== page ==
Courage is a willingness to face real risks—your neck, or at the very least, your job. The journalist with courage would have threatened to resign rather than repeat George Bush's justifications for invasion before it began. I don't remember anyone resigning last winter. The journalist with courage would threaten to quit rather than do a magazine piece about an advertiser's product, his fad diet book or his magic-bullet baldness cure. It happens every day, and nobody ever quits over it. [....] One friend I know describes working in the media as shoveling coal for Satan. That's about right. A worker in a tampon factory has dignity: He just uses his sweat to make a product, a useful product at that, and doesn't lie to himself about what he does. In this business we make commodities for sale and, for the benefit of our consciences and our egos, we call them ideas and truth. And then we go on the lecture circuit. But in 99 cases out of 100, the public has more to learn about humanity from the guy who makes tampons.

MattTaibbi uses Christopher Hitchens as a prime example, and defends Michael Moore, in a New York Press article worth reading.

Saturday, July 03, 2004

What have these shrinks been smoking?

Researchers say their new virtual crack house lets them study crack cocaine addicts without triggering dangerous flesh-world urges, reports Psychiatric News, in an article that fails to mention how many of the research subjects visit a real crack house after tripping through the virtual version. No word yet on who gets the videogame rights.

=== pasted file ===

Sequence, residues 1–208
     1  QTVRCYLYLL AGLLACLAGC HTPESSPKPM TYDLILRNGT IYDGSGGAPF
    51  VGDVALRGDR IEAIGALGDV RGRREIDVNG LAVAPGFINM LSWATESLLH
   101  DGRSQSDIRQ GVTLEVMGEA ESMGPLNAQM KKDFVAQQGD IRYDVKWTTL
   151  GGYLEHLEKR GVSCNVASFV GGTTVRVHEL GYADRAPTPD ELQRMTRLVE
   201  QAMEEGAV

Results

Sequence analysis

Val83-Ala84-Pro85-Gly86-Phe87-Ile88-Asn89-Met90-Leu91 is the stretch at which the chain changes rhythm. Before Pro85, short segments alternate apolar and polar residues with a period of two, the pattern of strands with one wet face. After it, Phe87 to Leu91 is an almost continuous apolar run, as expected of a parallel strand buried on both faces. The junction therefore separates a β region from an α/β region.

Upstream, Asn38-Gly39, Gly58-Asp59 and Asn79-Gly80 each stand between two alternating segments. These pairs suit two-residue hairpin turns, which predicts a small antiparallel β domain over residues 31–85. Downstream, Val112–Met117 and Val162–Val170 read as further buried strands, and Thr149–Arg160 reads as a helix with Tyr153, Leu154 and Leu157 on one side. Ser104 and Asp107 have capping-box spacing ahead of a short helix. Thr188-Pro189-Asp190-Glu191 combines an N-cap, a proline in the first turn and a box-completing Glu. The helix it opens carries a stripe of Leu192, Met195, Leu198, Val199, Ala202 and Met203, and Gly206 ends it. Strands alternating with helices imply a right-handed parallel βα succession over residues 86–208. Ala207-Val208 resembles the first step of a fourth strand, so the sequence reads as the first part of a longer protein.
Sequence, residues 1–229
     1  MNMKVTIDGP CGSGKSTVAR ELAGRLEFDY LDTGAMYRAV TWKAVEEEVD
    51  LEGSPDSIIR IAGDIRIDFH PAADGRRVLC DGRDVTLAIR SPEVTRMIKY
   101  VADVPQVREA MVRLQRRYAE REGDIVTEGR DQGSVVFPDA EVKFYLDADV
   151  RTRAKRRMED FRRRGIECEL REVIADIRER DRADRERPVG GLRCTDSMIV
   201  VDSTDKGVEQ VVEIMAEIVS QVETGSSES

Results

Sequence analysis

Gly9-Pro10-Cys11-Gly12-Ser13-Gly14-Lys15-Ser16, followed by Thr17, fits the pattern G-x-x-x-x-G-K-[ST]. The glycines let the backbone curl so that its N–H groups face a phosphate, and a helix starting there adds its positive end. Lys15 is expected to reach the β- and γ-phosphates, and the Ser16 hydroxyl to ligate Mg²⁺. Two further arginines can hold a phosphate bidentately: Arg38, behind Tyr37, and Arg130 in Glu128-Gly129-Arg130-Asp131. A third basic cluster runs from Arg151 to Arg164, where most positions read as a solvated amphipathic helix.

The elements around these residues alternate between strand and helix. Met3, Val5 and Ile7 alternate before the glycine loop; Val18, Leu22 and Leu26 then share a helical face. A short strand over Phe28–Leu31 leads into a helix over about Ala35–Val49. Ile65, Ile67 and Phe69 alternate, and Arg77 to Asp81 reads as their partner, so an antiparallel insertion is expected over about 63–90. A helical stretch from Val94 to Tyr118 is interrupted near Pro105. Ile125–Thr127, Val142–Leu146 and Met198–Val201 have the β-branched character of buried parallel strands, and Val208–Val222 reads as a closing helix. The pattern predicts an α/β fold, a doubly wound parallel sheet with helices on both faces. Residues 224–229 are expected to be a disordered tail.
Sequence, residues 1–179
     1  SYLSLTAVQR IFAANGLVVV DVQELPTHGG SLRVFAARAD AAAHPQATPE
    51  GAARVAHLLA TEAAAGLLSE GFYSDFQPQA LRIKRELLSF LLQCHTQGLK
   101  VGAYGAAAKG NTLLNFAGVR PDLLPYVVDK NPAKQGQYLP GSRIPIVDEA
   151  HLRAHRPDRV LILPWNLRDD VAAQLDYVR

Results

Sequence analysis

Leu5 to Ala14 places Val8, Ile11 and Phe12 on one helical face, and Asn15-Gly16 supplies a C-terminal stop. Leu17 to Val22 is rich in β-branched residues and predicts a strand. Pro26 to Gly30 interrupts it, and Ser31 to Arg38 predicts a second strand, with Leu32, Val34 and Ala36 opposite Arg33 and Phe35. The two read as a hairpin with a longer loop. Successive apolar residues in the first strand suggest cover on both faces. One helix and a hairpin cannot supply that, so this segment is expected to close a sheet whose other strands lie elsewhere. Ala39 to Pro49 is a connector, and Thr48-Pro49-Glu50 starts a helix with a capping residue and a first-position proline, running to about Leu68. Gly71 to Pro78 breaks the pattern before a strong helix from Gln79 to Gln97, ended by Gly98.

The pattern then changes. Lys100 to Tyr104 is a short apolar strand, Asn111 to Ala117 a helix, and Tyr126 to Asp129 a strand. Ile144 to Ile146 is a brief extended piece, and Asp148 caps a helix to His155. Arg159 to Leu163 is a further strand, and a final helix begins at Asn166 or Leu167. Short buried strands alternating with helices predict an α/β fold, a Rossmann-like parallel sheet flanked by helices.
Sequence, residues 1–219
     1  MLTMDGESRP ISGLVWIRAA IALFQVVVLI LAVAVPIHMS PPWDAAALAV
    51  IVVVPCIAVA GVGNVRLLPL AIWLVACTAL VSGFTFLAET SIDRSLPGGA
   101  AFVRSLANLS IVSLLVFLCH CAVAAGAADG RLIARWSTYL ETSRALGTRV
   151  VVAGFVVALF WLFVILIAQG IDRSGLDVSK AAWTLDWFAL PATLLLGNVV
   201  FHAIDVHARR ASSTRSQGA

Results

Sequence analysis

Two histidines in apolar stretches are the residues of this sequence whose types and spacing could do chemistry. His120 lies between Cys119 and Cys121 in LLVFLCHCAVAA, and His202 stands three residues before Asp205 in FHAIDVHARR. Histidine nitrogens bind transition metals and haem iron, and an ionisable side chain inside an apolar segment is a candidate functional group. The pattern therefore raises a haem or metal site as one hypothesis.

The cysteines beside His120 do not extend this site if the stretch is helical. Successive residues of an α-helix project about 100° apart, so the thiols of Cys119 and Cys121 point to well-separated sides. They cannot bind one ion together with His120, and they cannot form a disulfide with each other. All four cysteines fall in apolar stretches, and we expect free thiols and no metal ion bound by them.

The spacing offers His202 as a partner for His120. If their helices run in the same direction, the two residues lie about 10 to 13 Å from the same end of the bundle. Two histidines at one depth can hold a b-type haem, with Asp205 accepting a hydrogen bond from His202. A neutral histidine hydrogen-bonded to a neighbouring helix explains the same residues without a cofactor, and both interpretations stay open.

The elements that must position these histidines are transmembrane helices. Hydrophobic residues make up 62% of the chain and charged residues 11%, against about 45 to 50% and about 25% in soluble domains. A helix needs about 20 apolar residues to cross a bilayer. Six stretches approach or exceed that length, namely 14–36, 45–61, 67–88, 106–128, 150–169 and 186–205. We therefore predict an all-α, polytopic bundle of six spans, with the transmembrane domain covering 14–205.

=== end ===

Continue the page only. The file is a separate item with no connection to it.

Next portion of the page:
Friday, July 02, 2004

War just ain't what it used to be

Andrew J. Bacevich, professor of international relations at Boston University, compares Bush's "war on terror" to WWII and finds the two incommensurable. In a recent History News Service article, Bacevich observes:
For despite all of the high-sounding talk, the overriding aim of this war is not to march toward freedom, but to dissuade Americans from peering too deeply at the events of 9/11. Were they to do so, they just might pose discomfiting questions about the competence of our leaders, the organization and purposes of government, the rationale of U. S. foreign policy.

Thursday, July 01, 2004

Bush & Co. do it French style

"The kind of torture inflicted upon Iraqi prisoners by the U.S. army followed methods France used during the Algerian war of independence in the late 1950s, several French historians and journalists say. Both the U.S. and the French armies had obviously studied Islamic traditions in order to devise torture methods aimed particularly at Muslims, they say. "It is obvious that the U.S. army has been applying in Iraq knowledge the French army picked up in Algeria in the late 1950s,” historian Claire Mauss-Copeau told IPS.

....continues at Iraq: How the French Inspired the Torture courtesy of Inter Press Service News Agency.